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2-282 Memorandum for General Bryden, October 16, 1940

1940
   
Publisher: The Johns Hopkins University Press
Date: October 16, 1940



Memorandum for General Bryden

October 16, 1940 [Washington, D.C.]

Subject: Future status of the Regular Army, National Guard, and Reserve Corps.

With reference to my hasty outline this morning of the necessity of having a “rough conception” of a future policy, prior to the meeting of the National Guard Association,1 I am outlining below my present ideas on the subject:

That, the number of divisions to be maintained in the Regular Army will depend somewhat on the probable efficiency of the National Guard organization and that of the Reserve officer personnel—the degree of their immediate availability for active duty. Also, it will depend on the success with which at least a partial amount of preliminary training can be given in replacement centers for men to fill the ranks of the Regular Army Units. For example, we might assign men to a regular unit after four months in a replacement center, giving them only eight months with a regular unit.

That, the standard of efficiency of the National Guard must be materially raised as to enlisted personnel, as to officer personnel, and as to character of training.

(a) The enlisted personnel to have served a minimum of six months in the Federal service in replacement centers. This might possibly be arranged on the basis of six months’ Federal service being exempted in consideration of a three-year enlistment in the National Guard; or, making an exemption of four months’ Federal service in consideration of a two-year enlistment in the National Guard. Or, if it is thought that the necessary men could be obtained, to proceed according to the present law, which frees the men enlisting in the National Guard from eight years in the Reserves. Personally, I do not think this would produce the necessary numbers.

(b) That 75% of the officer personnel with the National Guard be provided from Reserve Corps officers—products of the ROTC—who have served one year with the Regular Army after graduation; the remaining 25% to come from the ranks of the National Guard, and to be given a special schooling at our special service schools.

That, the training of the Reserve Corps be largely based on the development of the habit of recent graduates of the ROTC being given a year’s active duty with the Regular establishment either in replacement centers or with regular organizations, or both.

The foregoing is merely a rough outline of how the matter appears to me at the present time.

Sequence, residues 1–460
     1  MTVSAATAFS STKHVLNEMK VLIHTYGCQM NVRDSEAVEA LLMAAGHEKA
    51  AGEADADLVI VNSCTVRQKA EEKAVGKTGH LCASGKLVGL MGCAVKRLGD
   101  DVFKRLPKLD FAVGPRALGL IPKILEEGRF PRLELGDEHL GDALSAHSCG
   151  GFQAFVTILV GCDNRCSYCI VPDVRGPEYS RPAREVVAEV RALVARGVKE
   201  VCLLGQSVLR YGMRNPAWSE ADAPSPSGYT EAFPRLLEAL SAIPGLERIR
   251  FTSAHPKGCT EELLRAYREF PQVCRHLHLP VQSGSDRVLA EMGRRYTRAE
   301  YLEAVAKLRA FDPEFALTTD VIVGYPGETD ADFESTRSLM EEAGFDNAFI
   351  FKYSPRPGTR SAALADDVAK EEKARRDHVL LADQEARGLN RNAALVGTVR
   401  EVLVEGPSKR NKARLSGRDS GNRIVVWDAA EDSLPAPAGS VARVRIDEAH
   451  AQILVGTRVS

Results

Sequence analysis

Document Copy Text Source: George C. Marshall Papers, Pentagon Office Collection, Selected Materials, George C. Marshall Research Library, Lexington, Virginia.

Document Format: Typed memorandum.

1. The editors have found no record of a Marshall conference with or memorandum to Deputy Chief of Staff William Bryden on this subject. The National Guard Association of the United States met in Washington, D.C., October 21-23, and discussion focused upon the implications for the Guard of its induction into federal service. Marshall spoke “off the record” at the October 22 banquet. (Army and Navy Journal, October 19 and 26, 1940, pp. 197, 203.) No copy of Marshall’s speech is in the Marshall papers, but on the day of his speech Colonel Kenneth Buchanan—a National Guard officer who had been Marshall’s aide between the summer of 1939 and the summer of 1940, prior to his moving to the Office of the Chief of the National Guard Bureau—called to suggest that the chief of staff assure the National Guard that its identity would not be lost and that its officers would not be eliminated for the benefit of Regular Army officers who sought commands. (Claude M. Adams Memorandum for General Marshall, October 22, 1940, GCMRL/G. C. Marshall Papers [Pentagon Office, Selected].)

Recommended Citation: The Papers of George Catlett Marshall, ed. Larry I. Bland, Sharon Ritenour Stevens, and Clarence E. Wunderlin, Jr. (Lexington, Va.: The George C. Marshall Foundation, 1981- ). Electronic version based on The Papers of George Catlett Marshall, vol. 2, “We Cannot Delay,” July 1, 1939-December 6, 1941 (Baltimore and London: The Johns Hopkins University Press, 1986), pp. 330-331.

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